ANNAPOLIS – Delegate Herbert McMillan would rather be heard than just seen — a public posture that discomfited his colleagues during the 2004 General Assembly session and broke the norm for typical first-term lawmakers.
“I’ve just decided I’m going to say what I think,” he said. “People are better served by that.”
McMillan, R-Anne Arundel, reprised his role this session as one of the most outspoken lawmakers – one with an independent streak and a tendency to use amendments to give new life to dead bills.
“He speaks on lots of bills, but there’s a time and a place,” said Delegate Dan Morhaim, D-Baltimore County. “It marginalizes him in terms of being effective.”
Most first-term legislators sit quietly in their seats during floor debates. During this year’s Assembly session, McMillan offered at least 12 floor amendments to four bills and spoke on several others.
Some of the amendments were identical to his bills to bar illegal immigrants from getting drivers’ licenses and cap tuition increases without increasing university funding, both of which died in committee.
“I think the conventional wisdom down here is . . . don’t miss the opportunity to listen for a while to learn how the process works,” said Minority Whip Anthony O’Donnell, R-Calvert. “But someone with that level of experience and background you would expect to be a little more engaged in the process.”
The 45-year-old McMillan’s experience and background include a four-year stint on the Annapolis City Council, graduation from the Naval Academy and more than 11 years on active duty. He lost the 2001 Annapolis mayoral race to Ellen Moyer after defeating Republican incumbent Dean Johnson in the primary.
McMillan, a pilot for American Airlines with four children, said he learned hard work from his father, who held several jobs to pay for Catholic education for his seven children. He does not consider himself a politician and said his interest in politics arose from a general desire to voice the concerns of the average Marylander.
“I really felt I might have something to contribute,” McMillan said. “I was quite frustrated with our system.”
McMillan’s wife, Kathy, said he has wanted to go into public service since a young age. One day she found a third-grade journal of his, in which he had written that “Abraham Lincoln was a great leader” and “I’m going to be one too someday.”
“It was odd to me that someone that age would write about that,” Kathy McMillan said.
McMillan made bipartisan allegiances while on the City Council, picking up Democratic endorsements in his run for mayor and support from the firefighters’ union.
“He was an excellent alderman. He’s very sincere,” said Democratic Alderwoman Louise Hammond, who served with McMillan on the council. “He didn’t play these games with the party lines.”
McMillan is an admirer of Republican former President Ronald Reagan, and he keeps a picture of slain Democratic presidential candidate Robert Kennedy in his wallet, his family says.
McMillan broke the Democratic hold on District 30 in Anne Arundel County by defeating incumbent Richard D’Amato in 2002. He now shares a district with House Speaker Michael Busch, who taught history to McMillan’s wife, Kathy, in high school.
He’s been ruffling feathers since he arrived in the General Assembly, but this year’s unsettling issue particularly controversial: his proposed ban on drivers’ licenses for illegal immigrants.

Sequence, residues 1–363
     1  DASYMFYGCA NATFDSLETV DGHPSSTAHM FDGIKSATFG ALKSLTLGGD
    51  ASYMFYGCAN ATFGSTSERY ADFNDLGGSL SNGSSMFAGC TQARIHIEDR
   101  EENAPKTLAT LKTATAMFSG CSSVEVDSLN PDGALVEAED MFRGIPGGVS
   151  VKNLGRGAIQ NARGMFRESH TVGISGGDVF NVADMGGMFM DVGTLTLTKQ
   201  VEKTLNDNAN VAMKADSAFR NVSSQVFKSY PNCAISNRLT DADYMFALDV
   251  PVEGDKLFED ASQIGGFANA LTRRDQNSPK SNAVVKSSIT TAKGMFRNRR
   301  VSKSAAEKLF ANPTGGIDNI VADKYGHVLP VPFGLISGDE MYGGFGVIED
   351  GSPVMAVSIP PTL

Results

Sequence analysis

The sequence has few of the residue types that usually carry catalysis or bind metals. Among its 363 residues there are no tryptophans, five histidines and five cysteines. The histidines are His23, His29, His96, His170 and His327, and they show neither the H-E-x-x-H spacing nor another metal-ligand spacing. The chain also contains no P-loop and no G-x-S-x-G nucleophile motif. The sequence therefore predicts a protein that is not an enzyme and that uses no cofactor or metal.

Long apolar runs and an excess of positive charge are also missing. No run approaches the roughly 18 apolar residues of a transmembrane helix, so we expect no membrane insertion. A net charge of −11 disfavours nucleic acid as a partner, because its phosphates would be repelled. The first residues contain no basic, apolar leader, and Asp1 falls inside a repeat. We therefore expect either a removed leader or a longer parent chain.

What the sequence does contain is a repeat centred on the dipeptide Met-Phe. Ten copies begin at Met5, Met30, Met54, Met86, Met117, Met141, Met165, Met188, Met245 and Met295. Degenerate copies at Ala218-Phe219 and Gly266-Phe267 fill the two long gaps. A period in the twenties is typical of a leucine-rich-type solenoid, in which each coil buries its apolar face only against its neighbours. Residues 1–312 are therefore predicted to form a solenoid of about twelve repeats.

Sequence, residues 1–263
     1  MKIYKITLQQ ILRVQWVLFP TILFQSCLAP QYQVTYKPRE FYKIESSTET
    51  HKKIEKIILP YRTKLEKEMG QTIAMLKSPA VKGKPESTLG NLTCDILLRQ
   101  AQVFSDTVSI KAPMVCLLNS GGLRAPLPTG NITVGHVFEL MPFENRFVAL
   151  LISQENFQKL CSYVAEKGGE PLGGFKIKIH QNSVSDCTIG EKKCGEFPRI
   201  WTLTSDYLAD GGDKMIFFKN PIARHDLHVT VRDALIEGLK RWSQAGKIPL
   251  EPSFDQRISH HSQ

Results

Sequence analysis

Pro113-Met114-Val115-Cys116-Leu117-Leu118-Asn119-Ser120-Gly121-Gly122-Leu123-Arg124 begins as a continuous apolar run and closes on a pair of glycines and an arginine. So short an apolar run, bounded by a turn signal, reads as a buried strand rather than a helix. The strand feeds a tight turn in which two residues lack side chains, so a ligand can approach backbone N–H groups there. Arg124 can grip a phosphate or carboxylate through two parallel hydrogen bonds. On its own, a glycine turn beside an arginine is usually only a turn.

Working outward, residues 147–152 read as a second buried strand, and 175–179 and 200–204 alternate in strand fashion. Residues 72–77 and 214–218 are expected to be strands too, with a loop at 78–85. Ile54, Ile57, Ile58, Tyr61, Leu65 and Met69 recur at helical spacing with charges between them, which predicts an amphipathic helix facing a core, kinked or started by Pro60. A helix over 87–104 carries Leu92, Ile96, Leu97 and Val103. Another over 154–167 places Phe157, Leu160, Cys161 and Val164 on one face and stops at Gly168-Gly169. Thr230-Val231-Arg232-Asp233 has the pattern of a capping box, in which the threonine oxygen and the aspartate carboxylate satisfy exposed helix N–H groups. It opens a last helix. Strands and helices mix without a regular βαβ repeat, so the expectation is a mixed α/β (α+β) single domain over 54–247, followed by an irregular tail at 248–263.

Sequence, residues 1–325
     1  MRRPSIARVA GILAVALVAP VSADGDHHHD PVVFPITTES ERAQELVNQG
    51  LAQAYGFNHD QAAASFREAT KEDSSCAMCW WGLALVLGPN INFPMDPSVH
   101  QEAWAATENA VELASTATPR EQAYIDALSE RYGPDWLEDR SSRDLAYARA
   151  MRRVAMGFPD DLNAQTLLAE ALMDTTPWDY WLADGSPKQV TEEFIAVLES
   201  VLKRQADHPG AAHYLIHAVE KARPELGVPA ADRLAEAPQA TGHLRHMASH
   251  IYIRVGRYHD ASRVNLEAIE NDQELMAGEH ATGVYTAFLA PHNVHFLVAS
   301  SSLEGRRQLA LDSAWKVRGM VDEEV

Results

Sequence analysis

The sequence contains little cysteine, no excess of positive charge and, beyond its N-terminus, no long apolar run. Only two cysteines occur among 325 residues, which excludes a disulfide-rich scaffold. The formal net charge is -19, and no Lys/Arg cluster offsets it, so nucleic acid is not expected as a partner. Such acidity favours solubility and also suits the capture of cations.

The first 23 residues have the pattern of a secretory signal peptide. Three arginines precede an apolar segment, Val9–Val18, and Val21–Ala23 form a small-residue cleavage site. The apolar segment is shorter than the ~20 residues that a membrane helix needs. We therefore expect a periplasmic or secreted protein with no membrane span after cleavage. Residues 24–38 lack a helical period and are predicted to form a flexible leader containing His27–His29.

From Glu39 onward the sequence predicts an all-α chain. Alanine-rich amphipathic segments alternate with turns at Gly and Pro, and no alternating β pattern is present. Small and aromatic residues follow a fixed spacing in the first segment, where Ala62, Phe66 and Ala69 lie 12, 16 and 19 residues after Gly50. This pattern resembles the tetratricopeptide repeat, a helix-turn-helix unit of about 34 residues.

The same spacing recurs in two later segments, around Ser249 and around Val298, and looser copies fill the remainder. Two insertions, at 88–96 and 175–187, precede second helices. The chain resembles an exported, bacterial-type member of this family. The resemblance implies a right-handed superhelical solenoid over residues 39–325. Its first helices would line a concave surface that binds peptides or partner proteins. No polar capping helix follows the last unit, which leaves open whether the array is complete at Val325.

Average Americans don’t want illegal immigrants to have licenses because that could threaten national security, McMillan said. That was made painfully clear when it turned out some of the 9/11 hijackers had Virginia licenses, he said.
McMillan had flown with Charles Burlingame, the pilot of Flight 77, which crashed into the Pentagon on Sept. 11, 2001. He also knew victims in the Pentagon who worked in the Naval Command Center.
“I saw what happened when you kind of let common sense go in the name of compassion,” he said.
The Assembly reviewed a package of immigrant bills, one of which led to a scuffle between a delegate and immigrant activists outside a committee hearing.
When McMillan isn’t flying to Paris or Rome on the weekends when the General Assembly is in session, he is fighting against legislation he believes will hurt his constituents – including Gov. Robert Ehrlich’s $237 million transportation bill, which raised money largely through an increase in vehicle registration fees. He was one of two Republicans to vote against it.
“I just really felt like that fee was a tax and it was too much for people on fixed incomes to bear,” he said. “Party to me has always been less important than your principles.”
Morhaim, McMillan’s jogging partner during the session, said he respects his colleague’s principles, but they do not need to be voiced on the House floor so often.
“We all have strong opinions,” Morhaim said. “Just because he expresses his at every opportunity doesn’t mean other people aren’t equally concerned.”
Sen. Lisa Gladden, D-Baltimore, debates with McMillan on Maryland Public Television’s “State Circle.” She said she appreciates vocal and opinionated lawmakers, but thinks McMillan needs to temper his desire to speak so often.
“I think there’s some value in silence and learning, but I do think you have to moderate it,” Gladden said. “I’m not sure Herb’s done that.”
It’s not clear that he can, said his sister-in-law and neighbor, Cary Dion. The McMillans and Dions have dinner together on Sunday nights and some sort of argument usually arises, she said.
“There’s always confrontation, always debate,” Dion said. “My husband and him go at it. He’s no different at home than he is as a politician.”